SOAS University of London is the leading Higher Education institution in Europe specialising in the study of Asia, Africa and the Near and Middle East.

SOAS is a remarkable institution. With our vast repository of knowledge and expertise on our specialist regions, we are uniquely placed to inform and shape current thinking about the economic, political, cultural, security and religious challenges of our world. Our programmes are taught by respected academics engaged in fieldwork and research which influences government policy and the lives of individuals across the globe. SOAS scholars grapple with the pressing issues confronting two-thirds of humankind today: democracy, development, economy, finance, public and corporate policy, human rights, migration, identity, legal systems, poverty, religion, and social change.

Global Trade in the Ancient World

Cultures of Luxury (3000 -300 BCE)

1 – 10 June 2021

The advent of the 3rd millennium BCE saw a rise in contact between civilisations along the great land and maritime routes. The impetus for connectivity was often a desire for rare and precious materials such as ivory, cornelian and lapis lazuli, or metals such as tin, essential for the manufacture of bronze for superior weaponry. Luxury artefacts were traded and exchanged along these routes, and ambitious rulers even sought to enhance their prestige by importing wild and exotic animals for their zoological gardens, for hunting or simply for their own amusement.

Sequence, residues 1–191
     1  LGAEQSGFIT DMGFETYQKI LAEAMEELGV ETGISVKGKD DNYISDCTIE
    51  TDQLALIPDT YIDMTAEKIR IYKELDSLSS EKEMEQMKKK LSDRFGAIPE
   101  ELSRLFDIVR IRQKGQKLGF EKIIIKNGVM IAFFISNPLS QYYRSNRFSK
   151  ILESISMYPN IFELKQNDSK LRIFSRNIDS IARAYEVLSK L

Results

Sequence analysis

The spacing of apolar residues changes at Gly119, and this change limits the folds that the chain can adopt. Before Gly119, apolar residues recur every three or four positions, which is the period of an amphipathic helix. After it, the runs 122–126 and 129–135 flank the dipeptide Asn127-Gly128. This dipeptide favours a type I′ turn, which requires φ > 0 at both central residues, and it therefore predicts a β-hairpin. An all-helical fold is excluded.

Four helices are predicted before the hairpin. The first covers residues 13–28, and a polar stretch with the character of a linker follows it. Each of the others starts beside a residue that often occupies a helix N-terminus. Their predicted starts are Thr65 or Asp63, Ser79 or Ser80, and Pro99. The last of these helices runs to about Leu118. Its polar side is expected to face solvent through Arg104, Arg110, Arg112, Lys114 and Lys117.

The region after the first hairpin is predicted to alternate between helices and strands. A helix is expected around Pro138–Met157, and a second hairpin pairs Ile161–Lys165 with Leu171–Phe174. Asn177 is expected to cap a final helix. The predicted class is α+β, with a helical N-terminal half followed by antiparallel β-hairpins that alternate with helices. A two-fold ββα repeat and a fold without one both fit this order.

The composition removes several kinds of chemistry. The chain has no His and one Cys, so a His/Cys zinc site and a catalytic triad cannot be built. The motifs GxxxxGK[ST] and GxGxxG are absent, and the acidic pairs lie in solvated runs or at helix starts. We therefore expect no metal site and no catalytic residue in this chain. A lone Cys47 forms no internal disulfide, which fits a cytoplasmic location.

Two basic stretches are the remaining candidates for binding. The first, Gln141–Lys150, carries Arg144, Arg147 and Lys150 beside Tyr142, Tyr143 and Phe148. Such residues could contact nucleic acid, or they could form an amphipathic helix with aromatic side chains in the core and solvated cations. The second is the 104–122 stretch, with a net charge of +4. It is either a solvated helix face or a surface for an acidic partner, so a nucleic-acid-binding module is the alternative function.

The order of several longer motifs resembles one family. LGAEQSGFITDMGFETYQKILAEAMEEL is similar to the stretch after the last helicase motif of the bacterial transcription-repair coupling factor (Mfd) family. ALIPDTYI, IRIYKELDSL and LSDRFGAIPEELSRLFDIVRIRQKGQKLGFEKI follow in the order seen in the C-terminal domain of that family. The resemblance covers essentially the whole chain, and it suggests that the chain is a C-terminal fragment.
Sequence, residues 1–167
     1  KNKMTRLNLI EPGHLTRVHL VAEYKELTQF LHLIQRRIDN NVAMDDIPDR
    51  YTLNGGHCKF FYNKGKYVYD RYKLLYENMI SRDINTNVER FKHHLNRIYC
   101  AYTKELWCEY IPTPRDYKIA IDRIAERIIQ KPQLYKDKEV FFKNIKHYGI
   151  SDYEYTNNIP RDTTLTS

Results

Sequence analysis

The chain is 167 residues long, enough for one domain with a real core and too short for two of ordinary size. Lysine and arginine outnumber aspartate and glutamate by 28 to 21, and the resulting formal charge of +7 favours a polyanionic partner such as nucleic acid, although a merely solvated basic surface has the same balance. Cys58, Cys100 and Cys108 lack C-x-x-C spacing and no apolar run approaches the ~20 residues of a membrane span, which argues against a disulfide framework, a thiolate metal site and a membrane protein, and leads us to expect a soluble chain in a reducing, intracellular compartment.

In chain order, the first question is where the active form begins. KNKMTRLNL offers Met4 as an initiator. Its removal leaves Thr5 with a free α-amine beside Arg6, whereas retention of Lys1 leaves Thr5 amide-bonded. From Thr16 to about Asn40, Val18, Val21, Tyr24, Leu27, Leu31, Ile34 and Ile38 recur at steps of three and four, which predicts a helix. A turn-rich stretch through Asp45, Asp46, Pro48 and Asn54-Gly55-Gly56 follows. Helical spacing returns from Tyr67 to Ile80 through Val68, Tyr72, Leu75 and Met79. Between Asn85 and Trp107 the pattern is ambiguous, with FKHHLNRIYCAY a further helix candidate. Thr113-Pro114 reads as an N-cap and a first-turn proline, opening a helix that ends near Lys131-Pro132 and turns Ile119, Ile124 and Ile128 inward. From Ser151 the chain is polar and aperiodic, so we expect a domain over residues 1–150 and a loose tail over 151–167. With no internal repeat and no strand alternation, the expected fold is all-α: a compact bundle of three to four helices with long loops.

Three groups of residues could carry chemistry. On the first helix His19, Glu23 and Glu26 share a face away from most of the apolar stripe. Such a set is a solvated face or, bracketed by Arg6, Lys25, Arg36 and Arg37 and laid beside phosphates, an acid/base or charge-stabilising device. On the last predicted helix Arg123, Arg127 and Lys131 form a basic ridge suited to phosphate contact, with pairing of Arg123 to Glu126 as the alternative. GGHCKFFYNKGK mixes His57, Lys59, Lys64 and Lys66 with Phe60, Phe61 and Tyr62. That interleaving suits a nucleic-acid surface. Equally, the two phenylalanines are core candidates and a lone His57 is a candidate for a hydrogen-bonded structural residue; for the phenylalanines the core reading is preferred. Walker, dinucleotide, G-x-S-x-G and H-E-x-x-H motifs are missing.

These interactions, sometimes across thousands of miles, stimulated artistic enrichment throughout the centuries. This course focuses on the flowering of arts across boundaries, apparent in Bronze Age seals and hard-stone vessels, from India to Mesopotamia, the Persian Gulf to Afghanistan. Luxury objects including virtuoso metalwork and ivories, and expensive commodities discovered on shipwrecks, all reveal connections between the ancient cultures of Egypt, the Mediterranean and the Near East. In the first millennium, the rise of Iranian empires spread new arts and ideas as far eastwards as the steppes of Central Asia, reaching beyond urban societies to the world of the nomads. In these days of international communications we can look back to several eras of antiquity when global exchange played a significant part in the development of arts and culture.

Course Features:

  • Lectures by leading experts and curators
  • Visits to museums and gallery


020 7898 4451